Olympic medallist’s B-sample tests positive: British Olympic 4x100m relay silver medallist Chijindu Ujah’s B-sample has confirmed the presence of prohibited substances and his case will be referred to the Court of Arbitration for Sport. If his provisional ban is upheld, Canada would be upgraded to silver and China would receive bronze.

Apple’s reveal: Apple has unveiled a new iPhone 13 and 13 Mini with brighter screens to entice customers into 5G plans, while also announcing updates to its iPads and watches.

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MARKET WATCH

Stocks lost ground today as economic uncertainties and the increasing likelihood of a U.S. corporate tax rate hike dampened investor sentiment and offset signs of easing inflation in the world’s biggest economy.

The Dow Jones Industrial Average fell 292.06 points or 0.84 per cent to 34,577.57, the S&P 500 lost 25.68 points or 0.57 per cent to end at 4,443.05 and the Nasdaq Composite slid 67.82 points or 0.45 per cent to 15,037.76.

The S&P/TSX Composite Index dropped 113.16 points or 0.55 per cent to 20,553.25.

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TALKING POINTS

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Norway’s election thrust climate to the political forefront and brought in the centre-left. Taste of elections to come?

“The election result – the swing to the left partly propelled by heightened environmental awareness – signalled that climate issues are entering the political mainstream, at least in Western Europe, and are less divisive than they used to be. Canada is not quite there yet, but give it time.” - Eric Reguly

I’m tired of kindness gaslighting

“I’m going to say something I never thought I’d hear myself say: Please stop talking about ‘kindness.’ If you’re a politician, medical expert or government official enacting or defending plans that have resulted in thousands of people getting unnecessarily sick and dying, you have no right to talk about it.” Jillian Horton, physician and author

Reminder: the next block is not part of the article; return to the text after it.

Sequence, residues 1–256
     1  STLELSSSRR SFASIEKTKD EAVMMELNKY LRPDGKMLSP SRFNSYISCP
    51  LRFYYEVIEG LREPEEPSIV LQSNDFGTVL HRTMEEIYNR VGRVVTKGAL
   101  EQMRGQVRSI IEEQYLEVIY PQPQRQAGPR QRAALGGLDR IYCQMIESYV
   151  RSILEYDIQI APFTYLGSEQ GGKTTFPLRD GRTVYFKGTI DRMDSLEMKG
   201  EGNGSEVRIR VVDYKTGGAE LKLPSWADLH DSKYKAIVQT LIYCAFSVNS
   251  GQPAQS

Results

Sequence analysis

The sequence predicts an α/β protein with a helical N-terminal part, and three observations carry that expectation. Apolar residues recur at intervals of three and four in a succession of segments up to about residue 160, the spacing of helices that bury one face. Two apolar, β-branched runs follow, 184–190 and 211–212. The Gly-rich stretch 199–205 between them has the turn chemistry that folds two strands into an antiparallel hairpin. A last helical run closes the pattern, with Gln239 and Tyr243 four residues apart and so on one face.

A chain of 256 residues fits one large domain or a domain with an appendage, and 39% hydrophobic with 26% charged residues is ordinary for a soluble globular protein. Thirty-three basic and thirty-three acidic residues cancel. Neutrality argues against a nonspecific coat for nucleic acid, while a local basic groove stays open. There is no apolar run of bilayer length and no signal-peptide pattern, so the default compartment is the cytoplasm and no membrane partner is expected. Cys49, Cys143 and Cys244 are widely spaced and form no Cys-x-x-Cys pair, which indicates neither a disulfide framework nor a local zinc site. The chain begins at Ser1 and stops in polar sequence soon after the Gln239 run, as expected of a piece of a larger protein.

LIVING BETTER

City Space, a new podcast from The Globe and Mail about how to make our cities better, is coming soon. Join host Adrian Lee over the course of six episodes as he speaks with global experts and those close to home as we learn what our cities are doing right and what we’re missing.

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TODAY’S LONG READ

Three-year-old Afghan boy reunited with his father in Toronto after two weeks alone in Qatar

Sharif hugs his son Ali at Pearson International Airport in Toronto on Monday, Sept. 13, 2021. The pair was reunited after spending two years apart. The Globe is not using their real names to protect family members in Afghanistan.

Fred Lum/The Globe and Mail

Ali got through his 14-hour flight to Toronto using the same coping mechanisms as three-year-olds everywhere: scribbling in colouring books and watching favourite movies. On this trek, he watched Cars 3 over and over.

But the reason for his journey was far from routine. The boy was reunited with his father in Ontario for the first time in two years. He had been stranded alone for more than two weeks in an orphanage in Qatar after narrowly escaping a suicide bombing at Kabul’s airport that killed at least 169 Afghan people and 13 U.S. soldiers.

Ali, for whom The Globe and Mail is using a pseudonym to protect his family in Afghanistan, would never have been evacuated were it not for a 17-year-old who shepherded him away from the chaos during the airport explosion, according to a statement from the Qatari foreign ministry.

Ali’s father Sharif had been trying to find out what happened to his son after the child was separated from his family. Minutes after embracing his child, he relayed through an interpreter that he had no words to convey his joy. Read Mike Hager and Mark MacKinnon’s full story here.

Evening Update is presented by S.R. Slobodian. If you’d like to receive this newsletter by e-mail every weekday evening, go here to sign up. If you have any feedback, send us a note.